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scott hall

November 10, 2006  1:18am

also, to brent: what's the basis of your assertion that "God put the primary basis of religious instruction on the parents"? is that a biblical basis, or a western individualistic one?

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scott hall

November 10, 2006  1:14am

i have to agree with sam. i know it sounds "un-american" but the clear building block of christian community was the believers living together as the church. most of the non-western world seems to understand this. sometimes it seems to me that american christians get fuzzy on the difference between cultural traditions (which are often based on biblical values) and the biblical values themselves.

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Rick Shott

November 09, 2006  10:45pm

I must agree that family issues are overtaking our theology. The nuclear family is not what we aim for in life. Singleness is lost in most evangelical churches. Which is sad because Jesus was single. With groups named "focus on the family," I wonder where the rest of the church is in this mess. We need to focus on our discipleship and evangelism. The family situation will resolve itself. Putting the family first is putting the cart in front of the ox. It is not the right order of things. The family is not the ultimate place of theological instruction, only the beginning. To hold that the family is the main place ignores that not everyone has the gift of teaching. What needs to be taught in the family is the importance of faith and the meaning of faith for the parents. These influence the lives of the children and provide a basis for further learning in congregational life. Until we become serious about becoming a transformed people in our churches. A people that everyone sees as different in important ways, rather than a people who react with shock to the world around us, we will continue to be a diminishing group. We need to be presenting the gospel and how it changes our lives, not reacting to modern trends trying to cry foul. That would truly be leadership.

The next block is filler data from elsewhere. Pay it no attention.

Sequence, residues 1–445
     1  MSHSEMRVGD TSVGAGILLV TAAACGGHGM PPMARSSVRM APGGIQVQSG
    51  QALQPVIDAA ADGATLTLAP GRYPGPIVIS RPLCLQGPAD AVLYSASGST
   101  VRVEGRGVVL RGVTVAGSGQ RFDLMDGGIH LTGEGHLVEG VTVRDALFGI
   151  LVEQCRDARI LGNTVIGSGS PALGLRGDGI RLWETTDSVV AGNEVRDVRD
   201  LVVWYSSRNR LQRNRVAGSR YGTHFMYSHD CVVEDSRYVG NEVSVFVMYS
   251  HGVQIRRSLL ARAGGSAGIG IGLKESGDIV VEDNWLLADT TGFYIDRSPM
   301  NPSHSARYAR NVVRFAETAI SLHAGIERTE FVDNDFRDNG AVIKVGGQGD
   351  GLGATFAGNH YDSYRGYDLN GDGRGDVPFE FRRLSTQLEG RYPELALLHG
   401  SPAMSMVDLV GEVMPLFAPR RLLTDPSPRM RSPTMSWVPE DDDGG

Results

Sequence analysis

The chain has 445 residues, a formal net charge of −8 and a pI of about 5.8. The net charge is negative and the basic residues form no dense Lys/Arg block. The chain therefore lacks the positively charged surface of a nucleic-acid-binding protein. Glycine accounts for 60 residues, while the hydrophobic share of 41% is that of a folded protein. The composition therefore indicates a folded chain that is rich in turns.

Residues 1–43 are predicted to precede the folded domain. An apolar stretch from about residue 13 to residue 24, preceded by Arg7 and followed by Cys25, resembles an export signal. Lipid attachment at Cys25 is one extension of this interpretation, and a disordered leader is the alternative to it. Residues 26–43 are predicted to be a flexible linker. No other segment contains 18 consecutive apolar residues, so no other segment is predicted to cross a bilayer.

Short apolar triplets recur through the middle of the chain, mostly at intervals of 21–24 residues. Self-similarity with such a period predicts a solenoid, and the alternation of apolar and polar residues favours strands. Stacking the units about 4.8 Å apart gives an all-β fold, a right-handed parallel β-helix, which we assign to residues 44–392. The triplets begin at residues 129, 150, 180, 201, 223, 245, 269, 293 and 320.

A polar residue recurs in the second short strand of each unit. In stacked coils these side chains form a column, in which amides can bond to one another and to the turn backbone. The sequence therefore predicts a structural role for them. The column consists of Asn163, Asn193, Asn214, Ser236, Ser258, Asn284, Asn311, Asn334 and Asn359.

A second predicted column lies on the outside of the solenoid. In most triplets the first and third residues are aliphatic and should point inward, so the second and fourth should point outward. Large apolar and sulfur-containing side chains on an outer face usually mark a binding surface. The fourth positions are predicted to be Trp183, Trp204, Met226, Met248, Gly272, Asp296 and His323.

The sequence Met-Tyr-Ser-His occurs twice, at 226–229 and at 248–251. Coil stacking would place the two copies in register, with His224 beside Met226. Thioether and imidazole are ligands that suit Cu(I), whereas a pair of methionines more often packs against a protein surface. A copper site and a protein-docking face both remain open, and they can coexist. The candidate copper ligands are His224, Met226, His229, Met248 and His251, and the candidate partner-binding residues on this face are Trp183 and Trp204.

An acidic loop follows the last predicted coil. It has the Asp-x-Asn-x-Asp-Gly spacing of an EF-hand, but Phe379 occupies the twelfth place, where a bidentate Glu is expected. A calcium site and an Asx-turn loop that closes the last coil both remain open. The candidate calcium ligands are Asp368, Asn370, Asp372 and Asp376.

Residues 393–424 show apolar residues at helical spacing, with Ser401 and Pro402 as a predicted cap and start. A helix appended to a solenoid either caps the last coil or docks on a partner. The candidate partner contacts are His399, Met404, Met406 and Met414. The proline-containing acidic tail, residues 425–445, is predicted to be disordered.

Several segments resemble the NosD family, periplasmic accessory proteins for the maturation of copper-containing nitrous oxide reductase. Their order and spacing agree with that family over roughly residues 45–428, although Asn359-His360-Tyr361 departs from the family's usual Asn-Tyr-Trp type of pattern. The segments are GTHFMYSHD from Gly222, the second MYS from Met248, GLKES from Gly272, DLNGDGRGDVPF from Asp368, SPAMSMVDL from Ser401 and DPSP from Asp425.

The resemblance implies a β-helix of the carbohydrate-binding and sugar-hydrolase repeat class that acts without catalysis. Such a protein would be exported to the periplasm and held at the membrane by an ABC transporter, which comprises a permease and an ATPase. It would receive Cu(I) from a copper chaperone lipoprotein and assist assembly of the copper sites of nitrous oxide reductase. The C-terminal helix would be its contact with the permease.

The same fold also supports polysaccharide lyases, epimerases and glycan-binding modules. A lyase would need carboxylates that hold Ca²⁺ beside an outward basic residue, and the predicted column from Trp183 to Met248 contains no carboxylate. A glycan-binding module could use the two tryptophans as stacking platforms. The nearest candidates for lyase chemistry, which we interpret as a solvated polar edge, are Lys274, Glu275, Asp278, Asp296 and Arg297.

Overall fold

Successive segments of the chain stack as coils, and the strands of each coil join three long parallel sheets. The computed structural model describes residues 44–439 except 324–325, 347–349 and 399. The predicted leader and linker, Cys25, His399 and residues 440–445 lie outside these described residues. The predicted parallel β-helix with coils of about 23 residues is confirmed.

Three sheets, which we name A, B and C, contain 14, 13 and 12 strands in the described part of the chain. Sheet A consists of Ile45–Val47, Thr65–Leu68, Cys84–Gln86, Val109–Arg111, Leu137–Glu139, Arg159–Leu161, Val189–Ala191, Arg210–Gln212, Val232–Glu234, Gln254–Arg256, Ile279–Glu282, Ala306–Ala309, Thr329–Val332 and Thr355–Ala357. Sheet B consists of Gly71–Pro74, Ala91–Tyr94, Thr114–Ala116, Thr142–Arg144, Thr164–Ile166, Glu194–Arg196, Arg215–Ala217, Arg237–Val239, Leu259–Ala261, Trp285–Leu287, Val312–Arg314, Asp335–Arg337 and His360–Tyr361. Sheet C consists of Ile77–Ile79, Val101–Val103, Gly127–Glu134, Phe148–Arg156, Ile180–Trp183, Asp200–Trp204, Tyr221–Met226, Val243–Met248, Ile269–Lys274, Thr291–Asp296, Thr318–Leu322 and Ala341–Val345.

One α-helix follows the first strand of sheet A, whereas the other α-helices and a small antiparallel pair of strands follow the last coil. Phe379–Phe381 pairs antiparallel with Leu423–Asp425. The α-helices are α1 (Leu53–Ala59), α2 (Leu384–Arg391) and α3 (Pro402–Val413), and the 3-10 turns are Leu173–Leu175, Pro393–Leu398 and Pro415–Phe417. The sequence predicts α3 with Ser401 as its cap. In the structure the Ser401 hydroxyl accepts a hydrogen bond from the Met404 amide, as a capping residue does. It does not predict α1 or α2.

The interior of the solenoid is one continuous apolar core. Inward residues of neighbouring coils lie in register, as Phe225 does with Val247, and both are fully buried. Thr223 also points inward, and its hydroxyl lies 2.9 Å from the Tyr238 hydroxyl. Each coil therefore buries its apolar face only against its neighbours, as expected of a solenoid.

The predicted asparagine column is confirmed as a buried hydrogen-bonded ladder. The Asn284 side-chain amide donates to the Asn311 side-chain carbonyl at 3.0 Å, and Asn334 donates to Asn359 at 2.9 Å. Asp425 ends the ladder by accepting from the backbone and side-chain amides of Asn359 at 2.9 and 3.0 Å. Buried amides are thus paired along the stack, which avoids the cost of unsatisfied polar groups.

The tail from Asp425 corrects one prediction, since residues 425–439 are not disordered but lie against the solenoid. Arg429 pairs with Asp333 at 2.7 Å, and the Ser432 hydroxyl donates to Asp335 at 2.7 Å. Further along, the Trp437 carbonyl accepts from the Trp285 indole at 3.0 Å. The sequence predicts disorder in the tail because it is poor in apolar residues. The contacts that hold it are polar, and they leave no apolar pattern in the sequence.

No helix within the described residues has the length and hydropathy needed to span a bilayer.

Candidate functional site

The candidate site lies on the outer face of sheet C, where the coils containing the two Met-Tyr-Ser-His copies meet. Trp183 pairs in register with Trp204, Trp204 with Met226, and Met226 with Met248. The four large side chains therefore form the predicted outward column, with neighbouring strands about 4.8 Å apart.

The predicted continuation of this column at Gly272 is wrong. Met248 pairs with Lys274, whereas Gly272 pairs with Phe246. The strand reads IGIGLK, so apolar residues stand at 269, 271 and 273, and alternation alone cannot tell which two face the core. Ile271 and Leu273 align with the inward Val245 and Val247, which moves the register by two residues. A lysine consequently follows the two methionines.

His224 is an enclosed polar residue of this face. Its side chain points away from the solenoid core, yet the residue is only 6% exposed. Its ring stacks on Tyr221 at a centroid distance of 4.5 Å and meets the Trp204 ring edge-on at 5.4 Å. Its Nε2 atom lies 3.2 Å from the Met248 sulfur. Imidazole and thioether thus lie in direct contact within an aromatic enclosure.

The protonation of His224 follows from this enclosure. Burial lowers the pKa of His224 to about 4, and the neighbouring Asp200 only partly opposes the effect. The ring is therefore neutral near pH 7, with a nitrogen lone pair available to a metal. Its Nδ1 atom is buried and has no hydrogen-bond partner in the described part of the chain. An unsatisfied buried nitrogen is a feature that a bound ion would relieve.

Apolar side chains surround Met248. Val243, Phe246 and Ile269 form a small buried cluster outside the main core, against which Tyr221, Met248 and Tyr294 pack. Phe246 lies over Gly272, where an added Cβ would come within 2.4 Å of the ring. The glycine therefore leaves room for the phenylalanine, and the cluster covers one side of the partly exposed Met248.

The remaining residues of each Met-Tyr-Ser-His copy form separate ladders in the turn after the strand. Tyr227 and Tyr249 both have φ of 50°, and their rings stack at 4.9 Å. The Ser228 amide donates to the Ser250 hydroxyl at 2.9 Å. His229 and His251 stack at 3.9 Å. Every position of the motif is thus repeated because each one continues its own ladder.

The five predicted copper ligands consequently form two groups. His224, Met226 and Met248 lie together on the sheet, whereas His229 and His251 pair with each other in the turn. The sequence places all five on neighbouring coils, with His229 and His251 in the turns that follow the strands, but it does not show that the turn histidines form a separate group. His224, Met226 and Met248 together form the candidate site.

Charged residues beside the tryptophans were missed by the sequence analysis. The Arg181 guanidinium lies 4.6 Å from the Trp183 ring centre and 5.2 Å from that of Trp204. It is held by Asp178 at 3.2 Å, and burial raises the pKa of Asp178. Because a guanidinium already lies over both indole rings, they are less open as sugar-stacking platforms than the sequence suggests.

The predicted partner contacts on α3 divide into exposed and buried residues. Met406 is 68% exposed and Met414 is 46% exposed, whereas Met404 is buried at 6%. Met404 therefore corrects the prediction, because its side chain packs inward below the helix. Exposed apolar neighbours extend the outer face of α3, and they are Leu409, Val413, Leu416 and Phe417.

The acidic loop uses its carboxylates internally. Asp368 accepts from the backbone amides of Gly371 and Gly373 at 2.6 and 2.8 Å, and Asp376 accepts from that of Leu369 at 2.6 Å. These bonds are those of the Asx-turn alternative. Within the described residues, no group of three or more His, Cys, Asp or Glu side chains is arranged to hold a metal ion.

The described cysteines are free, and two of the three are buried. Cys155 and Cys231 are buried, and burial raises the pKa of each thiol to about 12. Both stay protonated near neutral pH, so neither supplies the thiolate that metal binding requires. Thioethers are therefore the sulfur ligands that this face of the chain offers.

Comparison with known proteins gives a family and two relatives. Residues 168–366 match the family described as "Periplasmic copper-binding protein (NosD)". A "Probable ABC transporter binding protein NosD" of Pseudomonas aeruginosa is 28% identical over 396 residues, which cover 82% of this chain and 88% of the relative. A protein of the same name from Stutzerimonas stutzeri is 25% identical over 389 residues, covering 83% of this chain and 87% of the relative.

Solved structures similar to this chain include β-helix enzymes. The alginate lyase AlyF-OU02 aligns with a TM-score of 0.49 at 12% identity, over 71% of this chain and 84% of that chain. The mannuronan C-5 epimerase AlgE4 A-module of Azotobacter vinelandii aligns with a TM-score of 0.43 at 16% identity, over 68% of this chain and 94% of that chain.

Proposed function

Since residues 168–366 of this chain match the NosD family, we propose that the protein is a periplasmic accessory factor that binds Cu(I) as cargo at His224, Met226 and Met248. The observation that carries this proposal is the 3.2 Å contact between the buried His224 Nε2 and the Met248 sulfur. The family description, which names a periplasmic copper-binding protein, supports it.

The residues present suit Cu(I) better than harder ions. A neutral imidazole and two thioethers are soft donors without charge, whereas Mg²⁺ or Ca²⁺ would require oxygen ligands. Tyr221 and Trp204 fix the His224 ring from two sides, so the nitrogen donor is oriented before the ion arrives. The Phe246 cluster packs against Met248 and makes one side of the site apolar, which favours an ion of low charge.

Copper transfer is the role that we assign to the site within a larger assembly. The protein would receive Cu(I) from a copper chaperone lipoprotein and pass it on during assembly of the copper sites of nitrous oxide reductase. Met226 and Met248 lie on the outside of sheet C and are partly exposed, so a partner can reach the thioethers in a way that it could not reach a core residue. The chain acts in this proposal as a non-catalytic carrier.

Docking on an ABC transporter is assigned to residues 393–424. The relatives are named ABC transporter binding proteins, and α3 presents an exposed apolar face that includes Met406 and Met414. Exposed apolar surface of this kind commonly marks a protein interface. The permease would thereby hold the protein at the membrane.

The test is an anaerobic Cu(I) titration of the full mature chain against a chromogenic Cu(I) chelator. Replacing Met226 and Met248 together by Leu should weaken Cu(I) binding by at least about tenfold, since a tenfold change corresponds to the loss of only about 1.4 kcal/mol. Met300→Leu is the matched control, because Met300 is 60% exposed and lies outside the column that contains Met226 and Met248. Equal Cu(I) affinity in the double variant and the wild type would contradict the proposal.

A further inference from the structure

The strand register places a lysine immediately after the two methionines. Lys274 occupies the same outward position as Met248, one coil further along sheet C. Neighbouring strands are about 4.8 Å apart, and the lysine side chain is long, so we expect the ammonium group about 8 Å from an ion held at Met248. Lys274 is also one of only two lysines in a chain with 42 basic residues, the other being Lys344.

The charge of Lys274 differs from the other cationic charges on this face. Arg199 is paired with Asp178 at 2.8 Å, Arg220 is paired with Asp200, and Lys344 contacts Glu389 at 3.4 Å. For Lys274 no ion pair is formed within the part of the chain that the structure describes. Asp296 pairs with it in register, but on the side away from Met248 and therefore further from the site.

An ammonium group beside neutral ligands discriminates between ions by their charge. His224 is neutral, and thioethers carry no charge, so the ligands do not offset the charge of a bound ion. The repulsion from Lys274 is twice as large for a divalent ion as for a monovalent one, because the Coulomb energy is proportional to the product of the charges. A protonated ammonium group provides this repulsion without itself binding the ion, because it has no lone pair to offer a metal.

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November 09, 2006  9:54pm

Recent research shows that the nuclear family does indeed have the most significant influence on a child's faith development. Too bad you didn't print how he backs up this claim.

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Geoff Baggett

November 09, 2006  5:44pm

I think that Pastor Fong must have been quoted WAY out of context. I absolutely disagree with his premise. The nuclear family absolutely is God's most important social institution and structure on the earth. It was the first such institution that He created. It's priority has not changed. Pastor Fong was correct, however, from a pragmatic standpoint in the second portion of his statement. It is not the agent that most significantly forms the character of Christians today. It's not ... but it should be. Sam, I fear that you may have your societal cart before your horse. Healthy churches do not necessarily make for healthier families. But healthy families most assuredly lead to more healthy churches. I agree that we cannot continue on our same "church" path. But downplaying the immensely vital role of the family is not a new path that we need to take, either.

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November 09, 2006  5:39pm

I have to disagree. While the church SHOULD BE the most influential, and has the potential to be, reality tells us that family influences far more. For good or evil, whatever your nuclear family happens to be, has much much more influence. Even absent fathers influence their children by their non-involvement.